Then, there are reflectors. And in order to understand them better, let’s take a look at another basic property of light.

cat in mirror.jpg

What’s happening here?

Well, obviously, a cat is being reflected in a mirror.

Um…wait. What is being reflected in the mirror?

It’s not the cat. Because in order for a cat to reflect off a mirror, it would have to do this:

cat reflecting off mirror.gif

Guys, reflecting means the act of bouncing off something. And things sure as heck don’t bounce off mirrors all the time when they’re “reflected” in them. What you’re really seeing is light being reflected.

And reflecting telescopes take advantage of the fact that light can reflect.

reflector.jpg

A reflector has two basic parts, and they’re both mirrors. Not lenses. Lenses bend (refract) light; mirrors reflect light.

Again, the blue arrows represent parallel rays of light hitting the primary mirror and reflecting off to hit the secondary mirror. The difference between these two mirrors is that one is concave and the other is flat.

Because light has to reflect at the same angle that it hits a mirror, the primary (objective) mirror has to be concave to aim the light in the right direction. The secondary mirror has to be flat because the angle of the light has already been changed.

After leaving the secondary mirror, light in a reflecting telescope crosses at its focal point, where it comes into focus. It then reaches the eyepiece, where the rays of light are straightened so they’re parallel again before hitting your eye.

Reflectors are much more common than refractors these days…because refractors are plagued by something called chromatic aberration.

chromatic_aberration_lens_diagram.png

Chromatic aberration is a problem for refractors because each color of light bends differently. That means that each color of light will focus in a different place (that’s the place where the light rays cross).

Here’s what can happen if you look at a large object, like the moon, with a refracting telescope…

moon chromatic aberration

This isn’t really a very good image period. It’s not in focus at all. But the blue and yellow glow on either side isn’t the photographer’s fault. That’s because of chromatic aberration.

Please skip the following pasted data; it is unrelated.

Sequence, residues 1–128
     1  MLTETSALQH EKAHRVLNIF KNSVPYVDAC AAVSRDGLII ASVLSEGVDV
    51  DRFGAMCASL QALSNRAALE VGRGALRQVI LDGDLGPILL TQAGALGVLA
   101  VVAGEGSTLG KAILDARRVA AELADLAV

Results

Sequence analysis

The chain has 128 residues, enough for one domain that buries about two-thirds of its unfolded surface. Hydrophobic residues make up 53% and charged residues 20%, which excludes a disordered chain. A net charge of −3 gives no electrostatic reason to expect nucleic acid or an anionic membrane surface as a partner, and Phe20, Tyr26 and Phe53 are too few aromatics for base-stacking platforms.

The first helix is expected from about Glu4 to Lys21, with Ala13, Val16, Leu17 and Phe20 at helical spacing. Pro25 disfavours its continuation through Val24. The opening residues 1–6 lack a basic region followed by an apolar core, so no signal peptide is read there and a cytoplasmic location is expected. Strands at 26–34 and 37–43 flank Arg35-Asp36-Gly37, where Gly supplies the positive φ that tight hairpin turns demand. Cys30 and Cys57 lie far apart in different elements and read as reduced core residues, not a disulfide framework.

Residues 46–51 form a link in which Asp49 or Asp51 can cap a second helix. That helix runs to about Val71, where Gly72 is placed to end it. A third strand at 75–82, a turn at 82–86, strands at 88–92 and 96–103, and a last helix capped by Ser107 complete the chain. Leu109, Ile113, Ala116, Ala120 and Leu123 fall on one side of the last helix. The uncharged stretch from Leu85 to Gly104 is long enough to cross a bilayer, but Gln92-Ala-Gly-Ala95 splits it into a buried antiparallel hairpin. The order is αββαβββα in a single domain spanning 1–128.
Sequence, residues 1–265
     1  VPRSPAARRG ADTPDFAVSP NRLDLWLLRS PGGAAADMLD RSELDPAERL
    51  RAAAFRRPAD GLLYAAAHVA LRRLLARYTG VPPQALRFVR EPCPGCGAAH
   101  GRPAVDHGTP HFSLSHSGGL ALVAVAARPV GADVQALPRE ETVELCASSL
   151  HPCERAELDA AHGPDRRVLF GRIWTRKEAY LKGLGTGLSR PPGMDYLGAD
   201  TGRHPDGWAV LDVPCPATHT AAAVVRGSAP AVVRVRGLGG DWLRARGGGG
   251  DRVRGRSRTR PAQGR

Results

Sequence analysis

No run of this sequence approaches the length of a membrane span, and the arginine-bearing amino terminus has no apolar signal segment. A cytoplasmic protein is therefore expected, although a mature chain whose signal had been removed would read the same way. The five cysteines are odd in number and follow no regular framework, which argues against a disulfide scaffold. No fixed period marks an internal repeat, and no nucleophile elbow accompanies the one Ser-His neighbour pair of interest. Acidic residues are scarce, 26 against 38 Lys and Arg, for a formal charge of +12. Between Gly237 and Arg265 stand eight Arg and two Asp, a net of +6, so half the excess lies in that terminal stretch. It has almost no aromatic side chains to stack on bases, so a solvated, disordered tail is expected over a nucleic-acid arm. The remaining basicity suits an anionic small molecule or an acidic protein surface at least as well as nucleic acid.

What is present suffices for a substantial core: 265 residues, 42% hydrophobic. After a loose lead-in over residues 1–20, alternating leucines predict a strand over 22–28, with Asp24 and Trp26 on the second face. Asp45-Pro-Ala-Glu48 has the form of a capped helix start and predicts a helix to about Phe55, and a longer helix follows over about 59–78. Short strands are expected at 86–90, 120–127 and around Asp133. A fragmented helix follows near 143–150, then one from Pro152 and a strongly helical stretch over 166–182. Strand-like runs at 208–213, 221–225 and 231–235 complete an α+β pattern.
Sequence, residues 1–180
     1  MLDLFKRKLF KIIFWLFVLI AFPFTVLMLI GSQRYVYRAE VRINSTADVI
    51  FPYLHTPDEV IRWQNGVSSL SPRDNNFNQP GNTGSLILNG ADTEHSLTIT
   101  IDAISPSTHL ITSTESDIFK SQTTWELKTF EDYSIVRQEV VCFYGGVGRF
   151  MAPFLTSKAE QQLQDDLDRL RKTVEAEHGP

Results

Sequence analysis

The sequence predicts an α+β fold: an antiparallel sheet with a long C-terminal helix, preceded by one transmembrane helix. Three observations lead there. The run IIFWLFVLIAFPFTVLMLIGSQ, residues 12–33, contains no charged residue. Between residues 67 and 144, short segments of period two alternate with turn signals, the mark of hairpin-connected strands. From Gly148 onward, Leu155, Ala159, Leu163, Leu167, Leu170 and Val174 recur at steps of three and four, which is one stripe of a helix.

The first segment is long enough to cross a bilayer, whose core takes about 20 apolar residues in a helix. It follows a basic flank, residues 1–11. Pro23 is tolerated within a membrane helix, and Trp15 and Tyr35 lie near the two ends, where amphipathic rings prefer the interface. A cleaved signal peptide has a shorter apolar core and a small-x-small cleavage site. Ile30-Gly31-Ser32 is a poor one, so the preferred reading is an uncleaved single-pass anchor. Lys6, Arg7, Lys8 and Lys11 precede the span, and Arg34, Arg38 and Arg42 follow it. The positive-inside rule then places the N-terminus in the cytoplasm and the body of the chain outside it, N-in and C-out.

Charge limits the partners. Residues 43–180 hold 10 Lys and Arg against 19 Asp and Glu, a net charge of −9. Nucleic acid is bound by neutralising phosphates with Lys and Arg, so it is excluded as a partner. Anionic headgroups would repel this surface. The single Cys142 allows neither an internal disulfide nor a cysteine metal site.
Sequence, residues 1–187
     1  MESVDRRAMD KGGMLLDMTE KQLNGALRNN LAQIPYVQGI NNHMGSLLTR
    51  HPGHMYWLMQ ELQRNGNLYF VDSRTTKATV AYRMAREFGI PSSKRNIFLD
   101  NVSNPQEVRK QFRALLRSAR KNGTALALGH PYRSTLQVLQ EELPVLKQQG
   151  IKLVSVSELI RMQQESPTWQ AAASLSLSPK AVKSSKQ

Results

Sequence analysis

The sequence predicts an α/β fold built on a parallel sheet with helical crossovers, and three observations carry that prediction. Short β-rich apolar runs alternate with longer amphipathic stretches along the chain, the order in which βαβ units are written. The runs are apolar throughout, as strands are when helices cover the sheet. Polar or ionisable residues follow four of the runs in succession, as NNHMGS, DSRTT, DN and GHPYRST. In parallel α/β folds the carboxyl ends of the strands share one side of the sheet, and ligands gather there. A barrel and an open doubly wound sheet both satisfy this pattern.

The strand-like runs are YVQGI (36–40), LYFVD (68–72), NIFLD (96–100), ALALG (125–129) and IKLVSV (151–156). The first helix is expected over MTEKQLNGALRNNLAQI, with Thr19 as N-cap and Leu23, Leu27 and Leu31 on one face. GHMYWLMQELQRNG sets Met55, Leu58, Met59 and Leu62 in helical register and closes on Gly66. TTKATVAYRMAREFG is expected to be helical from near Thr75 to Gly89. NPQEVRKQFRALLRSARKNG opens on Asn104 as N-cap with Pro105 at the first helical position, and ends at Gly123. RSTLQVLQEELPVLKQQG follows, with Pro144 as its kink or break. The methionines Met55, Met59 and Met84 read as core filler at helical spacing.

In the case of this image, I can only guess that the photographer chose to bring either the blue or the yellow light into focus rather than the lunar surface. It looks to me like they chose the yellow light.

It’s possible to correct for chromatic aberration using an achromatic lens, but this is expensive—too expensive for astronomers to bother with. It’s already expensive to do their research. Why tack corrective optics onto the price?

For that reason, most major observatories—and, indeed, most large (and more expensive) telescopes—are reflectors. Reflectors just don’t have to deal with chromatic aberration. Or anything else of the sort.

If you’re out to buy a cheap telescope, a reflector is the type for you. It’s the most diameter per dollar, always a plus. And you won’t have to worry about rainbows on the moon.

About Emma

I'm a college student, astronomer, writer, Democrat, global warming activist, hardcore trekkie, daring adventuress, and dreamer. I have four blogs to date. The primary one is Science at Your Doorstep, but I also post to The Sojourns of Star Trek, Common Sense Politics (US), and Toleventures. I guest post to A Momma's View. I write for different reasons. Sometimes because I want to share my process of discovery with others. Sometimes because I think a story is too incredible to keep it to myself. Sometimes just because I want to be heard. Regardless, I hope you enjoy it!
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4 Responses to Refracting & Reflecting Telescopes

  1. jg says:

    Very nice. There are two typos, but I’m on my phone and can’t see them while commenting.

    Liked by 1 person